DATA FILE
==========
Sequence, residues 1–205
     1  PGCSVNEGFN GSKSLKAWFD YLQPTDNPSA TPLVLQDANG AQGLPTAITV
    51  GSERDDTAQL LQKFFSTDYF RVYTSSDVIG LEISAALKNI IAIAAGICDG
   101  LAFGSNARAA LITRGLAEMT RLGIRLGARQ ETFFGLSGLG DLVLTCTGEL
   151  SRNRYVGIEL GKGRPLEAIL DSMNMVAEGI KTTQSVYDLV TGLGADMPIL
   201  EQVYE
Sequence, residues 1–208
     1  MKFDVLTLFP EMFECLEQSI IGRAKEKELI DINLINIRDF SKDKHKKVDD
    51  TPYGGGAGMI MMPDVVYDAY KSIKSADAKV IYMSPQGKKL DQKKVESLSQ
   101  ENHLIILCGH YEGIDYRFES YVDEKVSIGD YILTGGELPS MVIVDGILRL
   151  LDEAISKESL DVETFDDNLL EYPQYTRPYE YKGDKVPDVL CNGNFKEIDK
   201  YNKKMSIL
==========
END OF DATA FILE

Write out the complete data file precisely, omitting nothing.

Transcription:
Sequence, residues 1–205
     1  PGCSVNEGFN GSKSLKAWFD YLQPTDNPSA TPLVLQDANG AQGLPTAITV
    51  GSERDDTAQL LQKFFSTDYF RVYTSSDVIG LEISAALKNI IAIAAGICDG
   101  LAFGSNARAA LITRGLAEMT RLGIRLGARQ ETFFGLSGLG DLVLTCTGEL
   151  SRNRYVGIEL GKGRPLEAIL DSMNMVAEGI KTTQSVYDLV TGLGADMPIL
   201  EQVYE
Sequence, residues 1–208
     1  MKFDVLTLFP EMFECLEQSI IGRAKEKELI DINLINIRDF SKDKHKKVDD
    51  TPYGGGAGMI MMPDVVYDAY KSIKSADAKV IYMSPQGKKL DQKKVESLSQ
   101  ENHLIILCGH YEGIDYRFES YVDEKVSIGD YILTGGELPS MVIVDGILRL
   151  LDEAISKESL DVETFDDNLL EYPQYTRPYE YKGDKVPDVL CNGNFKEIDK
   201  YNKKMSIL